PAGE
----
Danny Burgess refiles bill to require social media safety lessons in public school
Danny Burgess seeks an emphasis on social media literacy, Image via Colin Hackley.

The bill would also define 'social media' in state law for the first time.

Zephyrhills Republican Sen. Danny Burgess has again filed legislation to help safeguard children from the perils of social media.

On Thursday, Burgess filed Senate Bill 52, which would require public schools to provide instruction on social media safety in existing courses. It would also define social media in state law for the first time.

SB 52 is the first measure Burgess filed for the 2023 Legislative Session.

“We’ve learned that social media affects users’ social, emotional, and physical health and our children are among the most vulnerable,” Burgess said in a statement.

“For better or worse, social media has become a part of our society. There is no going back, only forward as the digital landscape evolves. Knowledge is power, but due to the rapidly changing nature of social media and the continuous development of new apps targeting children, it is hard for parents to feel confident that they can keep their kids safe only.

“Our children need us. I filed SB 52 to protect our kids and empower parents. Being a parent today requires constant vigilance and education, but parents do not have to do this alone.”

If passed, the bill would require the Department of Education to make its social media safety instruction material available online and compel district schools to notify parents of their online availability.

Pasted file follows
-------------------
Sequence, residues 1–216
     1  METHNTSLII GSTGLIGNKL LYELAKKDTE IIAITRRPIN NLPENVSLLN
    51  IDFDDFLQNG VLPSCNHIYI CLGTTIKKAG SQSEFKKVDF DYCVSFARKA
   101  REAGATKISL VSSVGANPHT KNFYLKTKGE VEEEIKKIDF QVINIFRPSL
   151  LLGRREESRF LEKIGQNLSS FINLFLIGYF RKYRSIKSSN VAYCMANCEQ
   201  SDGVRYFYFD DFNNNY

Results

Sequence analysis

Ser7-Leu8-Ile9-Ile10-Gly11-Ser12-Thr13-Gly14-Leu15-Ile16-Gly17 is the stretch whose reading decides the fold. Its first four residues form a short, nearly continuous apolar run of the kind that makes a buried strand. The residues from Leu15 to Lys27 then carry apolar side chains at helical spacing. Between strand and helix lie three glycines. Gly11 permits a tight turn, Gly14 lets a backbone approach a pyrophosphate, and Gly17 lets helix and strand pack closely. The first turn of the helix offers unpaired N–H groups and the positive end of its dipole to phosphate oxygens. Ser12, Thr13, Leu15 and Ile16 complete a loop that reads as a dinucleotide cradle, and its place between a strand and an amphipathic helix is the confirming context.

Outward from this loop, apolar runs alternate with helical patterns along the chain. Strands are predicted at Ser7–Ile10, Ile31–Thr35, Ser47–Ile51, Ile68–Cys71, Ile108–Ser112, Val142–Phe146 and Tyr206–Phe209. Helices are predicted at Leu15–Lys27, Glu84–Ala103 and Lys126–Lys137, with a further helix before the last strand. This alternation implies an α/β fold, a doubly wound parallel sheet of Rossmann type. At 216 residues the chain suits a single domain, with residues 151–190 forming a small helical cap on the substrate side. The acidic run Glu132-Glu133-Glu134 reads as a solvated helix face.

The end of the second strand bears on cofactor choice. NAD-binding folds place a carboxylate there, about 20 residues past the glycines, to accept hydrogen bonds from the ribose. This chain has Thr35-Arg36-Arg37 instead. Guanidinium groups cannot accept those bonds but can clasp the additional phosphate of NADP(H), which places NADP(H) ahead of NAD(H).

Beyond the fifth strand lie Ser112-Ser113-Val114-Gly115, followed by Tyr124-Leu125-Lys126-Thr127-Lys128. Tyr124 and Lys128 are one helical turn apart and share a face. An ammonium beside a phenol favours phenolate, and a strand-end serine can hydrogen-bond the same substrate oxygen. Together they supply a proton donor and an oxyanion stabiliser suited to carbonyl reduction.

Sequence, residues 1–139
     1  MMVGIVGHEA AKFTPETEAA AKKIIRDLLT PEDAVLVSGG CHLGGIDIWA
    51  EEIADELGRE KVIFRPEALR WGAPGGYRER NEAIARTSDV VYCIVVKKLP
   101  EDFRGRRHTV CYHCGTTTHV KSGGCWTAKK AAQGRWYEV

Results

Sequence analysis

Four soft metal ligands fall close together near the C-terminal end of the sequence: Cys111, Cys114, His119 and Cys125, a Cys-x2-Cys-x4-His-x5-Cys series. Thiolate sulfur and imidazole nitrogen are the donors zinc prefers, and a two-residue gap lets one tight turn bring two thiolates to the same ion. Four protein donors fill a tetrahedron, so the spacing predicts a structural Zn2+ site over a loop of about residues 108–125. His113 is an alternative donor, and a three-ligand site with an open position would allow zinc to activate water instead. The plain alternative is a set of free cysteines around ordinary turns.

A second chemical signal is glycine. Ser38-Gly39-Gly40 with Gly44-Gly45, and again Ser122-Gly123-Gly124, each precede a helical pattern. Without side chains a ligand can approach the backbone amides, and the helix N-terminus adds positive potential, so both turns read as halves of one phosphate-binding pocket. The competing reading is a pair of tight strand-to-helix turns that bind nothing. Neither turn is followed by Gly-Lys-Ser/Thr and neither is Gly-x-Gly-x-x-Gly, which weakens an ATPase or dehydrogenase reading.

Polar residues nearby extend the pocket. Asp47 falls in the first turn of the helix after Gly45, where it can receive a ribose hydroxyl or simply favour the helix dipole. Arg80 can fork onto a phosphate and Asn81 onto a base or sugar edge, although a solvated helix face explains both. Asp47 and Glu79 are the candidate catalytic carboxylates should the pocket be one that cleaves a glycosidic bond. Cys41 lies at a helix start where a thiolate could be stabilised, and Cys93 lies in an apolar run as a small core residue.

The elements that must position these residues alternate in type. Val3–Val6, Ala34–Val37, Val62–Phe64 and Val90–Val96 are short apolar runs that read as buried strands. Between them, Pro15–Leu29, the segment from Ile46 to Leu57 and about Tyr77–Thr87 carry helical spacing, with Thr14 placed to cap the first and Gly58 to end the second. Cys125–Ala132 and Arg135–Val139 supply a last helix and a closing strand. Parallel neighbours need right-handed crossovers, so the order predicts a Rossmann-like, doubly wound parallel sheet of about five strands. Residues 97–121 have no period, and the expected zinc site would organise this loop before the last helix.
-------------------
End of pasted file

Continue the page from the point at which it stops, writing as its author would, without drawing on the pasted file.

The bill does not include any details on potential lesson plans. It defines social media as “a form of interactive electronic communication through an Internet website or application by which a user creates a service-specific identifying user profile to connect with other users … for the purpose of communicating and sharing information, ideas, news, stories, opinions, images, videos, and other content.”

SB 52 is almost identical to a bill (SB 480) Burgess filed last year with co-sponsorship from Senate Democratic Leader Lauren Book and Republican Sen. Ray Rodrigues. The only difference is that the earlier bill referred to the instruction as “social media literacy,” while the new one calls it “social media safety.”

SB 480 received bipartisan support after Burgess introduced it Oct. 13, 2021, but it stalled out after clearing just one of three committees by a unanimous vote.

Democratic Sen. Shevrin Jones was among the bill’s proponents, remarking in the Senate Education Committee’s Nov. 30, 2021, hearing that “social media is morphing, and some of the stuff and the content that’s coming across it is dangerous.”

Republican Sen. Jennifer Bradley praised the bill and recommended expanding its language to include other online activity.

“I almost think the bill could even be a little broader,” she said. “There’s certainly your social media platforms, but there’s a lot that happens online with websites.”